Without thinking, I yawn. Khan stops speaking and looks at me.
“We’re not keeping you up are we, princess?”
I shake my head like I think he’s actually looking for an answer.
“I’m going to get a drink,” I say.
“Ad will grab one for you.”
I’m already half out of my chair.
“Seriously,” Khan says, “sit down.”
I sit down. I don’t want to, but I do. I don’t know what I was thinking. Khan hasn’t let me out of his sight in weeks.
“Go on, Ad, get her whatever she wants.”
Adam didn’t sign up to be my waiter, but he’s even less likely to refuse Khan’s orders than I am. He gets up.
“Don’t take too long,” I say. “I’m dying of thirst.”
Adam’s just about to open the door. He pauses for a tiny moment and I can see in the way his body tenses how much he wants to tell me to go fuck myself. Maybe one day he’ll do it. Not today, though. By the time I’ve spun my chair around another 360 degrees, he’s left the room.
“Right,” Max grins, “let’s talk about the next record.”
My label manager rubs his hands together. It’s obvious he’s already calculated his cut of all the money I’m going to make him. I look at the big rings on each finger of his meaty hands, then at the head he shaved when he realised he was losing his hair. He shows all his teeth when he smiles. They’re bright enough to make me extra grateful that I’m wearing sunglasses. Inside. Yeah, I know.
Max was the one who ‘discovered’ me. Back then – not that I knew it (or knew anything at all) – he might have called himself an A&R man, but he didn’t work for any label – or anyone in particular. He was ‘freelance’.
He approached me. Said he could make me famous. Seriously. Surely no idiot would fall for that line.
Except I did.
And it turns out he could.
Thinking about it now, I bet no one was more surprised than him. The first time he met me at the recording studio, he was driving a rental car and wearing the only decent outfit he owned.
Not that I had any clue about any of that.
The studio itself belonged to a rat. He was the kind of guy who couldn’t say a word to you without touching your arm or patting your backside. Unless you weren’t a fifteen-year-old girl. Then he had no problem keeping his hands to himself.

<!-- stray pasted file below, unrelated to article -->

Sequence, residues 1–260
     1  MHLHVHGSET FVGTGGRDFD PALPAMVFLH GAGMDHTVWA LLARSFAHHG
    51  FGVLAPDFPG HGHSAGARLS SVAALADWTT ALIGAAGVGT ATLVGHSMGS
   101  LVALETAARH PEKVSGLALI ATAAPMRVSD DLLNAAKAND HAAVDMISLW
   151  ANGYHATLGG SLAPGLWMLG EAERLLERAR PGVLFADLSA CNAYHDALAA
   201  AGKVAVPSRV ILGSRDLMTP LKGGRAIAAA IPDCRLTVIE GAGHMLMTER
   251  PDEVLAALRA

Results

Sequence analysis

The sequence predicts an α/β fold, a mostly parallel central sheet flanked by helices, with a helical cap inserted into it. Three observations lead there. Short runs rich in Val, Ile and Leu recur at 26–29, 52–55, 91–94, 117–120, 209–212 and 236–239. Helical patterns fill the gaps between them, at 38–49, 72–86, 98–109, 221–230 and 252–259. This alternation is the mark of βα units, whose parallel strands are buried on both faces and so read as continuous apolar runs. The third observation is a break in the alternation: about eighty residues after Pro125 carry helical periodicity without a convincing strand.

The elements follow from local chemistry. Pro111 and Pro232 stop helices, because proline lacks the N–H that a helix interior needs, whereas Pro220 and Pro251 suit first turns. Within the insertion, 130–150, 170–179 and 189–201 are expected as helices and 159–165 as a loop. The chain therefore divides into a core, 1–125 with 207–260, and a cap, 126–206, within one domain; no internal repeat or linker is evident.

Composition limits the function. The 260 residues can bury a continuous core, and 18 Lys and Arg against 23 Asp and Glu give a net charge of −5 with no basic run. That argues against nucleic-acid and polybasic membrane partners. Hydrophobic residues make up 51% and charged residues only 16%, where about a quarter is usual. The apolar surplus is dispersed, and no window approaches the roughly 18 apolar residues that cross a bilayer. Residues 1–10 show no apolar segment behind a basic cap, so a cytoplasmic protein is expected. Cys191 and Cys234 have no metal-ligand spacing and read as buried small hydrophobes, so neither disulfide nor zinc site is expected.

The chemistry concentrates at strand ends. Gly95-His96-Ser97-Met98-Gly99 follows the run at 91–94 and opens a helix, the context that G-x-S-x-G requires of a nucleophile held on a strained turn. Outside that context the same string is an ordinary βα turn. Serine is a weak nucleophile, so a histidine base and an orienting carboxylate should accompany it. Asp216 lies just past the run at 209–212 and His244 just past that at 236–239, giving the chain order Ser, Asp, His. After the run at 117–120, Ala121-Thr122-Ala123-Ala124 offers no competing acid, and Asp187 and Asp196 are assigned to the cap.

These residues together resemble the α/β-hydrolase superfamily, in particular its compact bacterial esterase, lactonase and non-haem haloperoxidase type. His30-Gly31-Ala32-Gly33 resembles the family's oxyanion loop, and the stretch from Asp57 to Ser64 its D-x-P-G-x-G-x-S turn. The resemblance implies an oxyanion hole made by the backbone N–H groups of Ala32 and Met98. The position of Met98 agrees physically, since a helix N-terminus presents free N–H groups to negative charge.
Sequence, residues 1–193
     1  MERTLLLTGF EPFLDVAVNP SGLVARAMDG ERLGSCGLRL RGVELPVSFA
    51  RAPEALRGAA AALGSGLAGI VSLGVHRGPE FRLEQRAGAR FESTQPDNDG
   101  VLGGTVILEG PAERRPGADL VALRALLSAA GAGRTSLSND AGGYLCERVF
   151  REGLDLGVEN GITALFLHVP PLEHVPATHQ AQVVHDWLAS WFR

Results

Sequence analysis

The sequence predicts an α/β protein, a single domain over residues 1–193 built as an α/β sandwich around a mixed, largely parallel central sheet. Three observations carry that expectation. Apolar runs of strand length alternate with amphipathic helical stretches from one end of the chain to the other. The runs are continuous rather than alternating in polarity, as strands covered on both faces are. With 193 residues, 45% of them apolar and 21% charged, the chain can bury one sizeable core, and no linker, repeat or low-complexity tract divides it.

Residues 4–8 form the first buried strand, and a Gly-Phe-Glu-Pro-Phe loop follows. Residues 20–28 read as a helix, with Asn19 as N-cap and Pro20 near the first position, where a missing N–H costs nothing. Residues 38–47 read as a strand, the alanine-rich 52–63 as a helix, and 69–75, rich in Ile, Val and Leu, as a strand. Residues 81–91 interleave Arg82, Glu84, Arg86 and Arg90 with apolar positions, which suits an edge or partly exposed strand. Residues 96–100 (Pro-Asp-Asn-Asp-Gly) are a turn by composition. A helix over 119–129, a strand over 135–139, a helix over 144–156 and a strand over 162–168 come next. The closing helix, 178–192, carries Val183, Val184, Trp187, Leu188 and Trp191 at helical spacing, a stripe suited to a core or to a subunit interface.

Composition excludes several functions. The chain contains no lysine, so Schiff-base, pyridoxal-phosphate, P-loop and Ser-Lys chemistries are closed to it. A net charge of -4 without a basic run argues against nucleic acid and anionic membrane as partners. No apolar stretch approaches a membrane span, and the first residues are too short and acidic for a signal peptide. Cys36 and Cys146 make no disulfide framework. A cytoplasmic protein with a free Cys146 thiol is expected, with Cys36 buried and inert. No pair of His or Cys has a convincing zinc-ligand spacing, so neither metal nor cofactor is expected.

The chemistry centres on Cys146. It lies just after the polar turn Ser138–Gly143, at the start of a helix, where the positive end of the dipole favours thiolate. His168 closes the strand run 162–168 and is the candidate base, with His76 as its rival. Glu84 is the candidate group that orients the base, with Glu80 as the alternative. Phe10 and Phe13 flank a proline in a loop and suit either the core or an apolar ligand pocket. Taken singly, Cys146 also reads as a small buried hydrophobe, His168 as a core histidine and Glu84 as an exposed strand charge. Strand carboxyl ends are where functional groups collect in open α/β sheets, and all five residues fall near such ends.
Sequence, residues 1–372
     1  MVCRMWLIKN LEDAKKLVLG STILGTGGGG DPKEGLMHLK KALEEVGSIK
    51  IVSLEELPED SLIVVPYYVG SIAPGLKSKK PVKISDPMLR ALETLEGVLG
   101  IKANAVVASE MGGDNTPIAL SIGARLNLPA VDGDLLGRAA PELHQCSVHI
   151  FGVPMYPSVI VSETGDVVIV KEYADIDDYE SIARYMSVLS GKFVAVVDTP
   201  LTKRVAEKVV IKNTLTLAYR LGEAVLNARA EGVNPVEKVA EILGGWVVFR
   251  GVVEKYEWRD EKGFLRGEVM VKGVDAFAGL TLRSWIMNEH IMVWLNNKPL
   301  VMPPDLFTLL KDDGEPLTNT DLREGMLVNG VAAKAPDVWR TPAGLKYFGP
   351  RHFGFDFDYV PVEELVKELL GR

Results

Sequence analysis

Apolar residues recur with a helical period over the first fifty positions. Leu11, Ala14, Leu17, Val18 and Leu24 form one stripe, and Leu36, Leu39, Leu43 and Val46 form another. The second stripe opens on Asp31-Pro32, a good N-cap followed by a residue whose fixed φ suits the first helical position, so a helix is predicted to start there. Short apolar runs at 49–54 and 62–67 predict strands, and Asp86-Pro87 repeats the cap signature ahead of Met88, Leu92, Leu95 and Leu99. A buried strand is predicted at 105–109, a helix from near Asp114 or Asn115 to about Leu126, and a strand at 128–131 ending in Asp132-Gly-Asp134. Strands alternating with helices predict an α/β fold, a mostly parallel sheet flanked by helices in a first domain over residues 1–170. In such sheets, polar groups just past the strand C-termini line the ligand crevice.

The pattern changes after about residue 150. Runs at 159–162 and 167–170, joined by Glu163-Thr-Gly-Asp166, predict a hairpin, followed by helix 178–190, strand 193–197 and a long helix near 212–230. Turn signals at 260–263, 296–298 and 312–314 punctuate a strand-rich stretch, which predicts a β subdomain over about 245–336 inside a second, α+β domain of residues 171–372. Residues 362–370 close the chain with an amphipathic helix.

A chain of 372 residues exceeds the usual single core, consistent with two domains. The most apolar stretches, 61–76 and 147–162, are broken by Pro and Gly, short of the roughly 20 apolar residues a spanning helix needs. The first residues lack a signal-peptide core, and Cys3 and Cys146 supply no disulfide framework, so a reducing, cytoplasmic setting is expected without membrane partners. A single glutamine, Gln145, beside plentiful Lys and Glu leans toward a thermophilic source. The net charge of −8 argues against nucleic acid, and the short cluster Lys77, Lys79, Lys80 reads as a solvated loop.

Thanks to the nutjob deal Max struck with him, he was in our lives for nearly two years after the first record came out. In the end, we went to court and gave him enough money to live luxuriously for a thousand years. In return, he released us from a contract which had more or less made me his concubine. Think Jabba the Hutt and Princess Leia and you’ll get the idea.
Now nearly fifty, Max thinks he’s some kind of kingpin.
“You’re going to love the new stuff,” he tells me.
Again, I’m glad I’m wearing sunglasses. They mean he can’t see my eyes rolling. I mean, this is the dude who chose Sugar Lips as my first single. I mean, sure, it went to number one. But listen to the lyrics. Every time I sing them, they make me want to puke.
“The album’s going to have thirty tracks on it.”
This time, even my sunglasses can’t hide the ‘what the fuck’ expression on my face. Max laughs.
“It’s 2020,” he says as if that explains everything. “Long albums do numbers.”
What he means is that when someone puts a record on Spotify or whatever streaming service they use, we get paid for every song they listen to. The more songs there are on an album, the more chance there is of us earning more money. As long as said listener doesn’t notice that said record is now twice as bad as it would have been with half the amount of tracks and decide not to listen to it at all.
God, it’s depressing.
Not that Max is finished.
“And the best bit,” he says with the glee of a spoilt rich kid counting his birthday presents, “is that all the songs are going to be titled in a way that will maximise streaming opportunity.”
I’m not going to give him the satisfaction of asking what he means. He tells me anyway.
“So, there’s one track called ‘My Favourite Song’. It means when anyone asks Alexa or whatever to play their favourite song, well, they won’t get fucking Gaga or Bieber. Instead they’re going to get Bright Star.”
Max pauses, then says the name of the song again, like he’s delivering the punchline to a joke. Of course, Khan claps like Max has just cured cancer.
“That’s fucking genius,” he says.
Oh my God. What a pair of absolute penises.
I can’t spend another minute with them.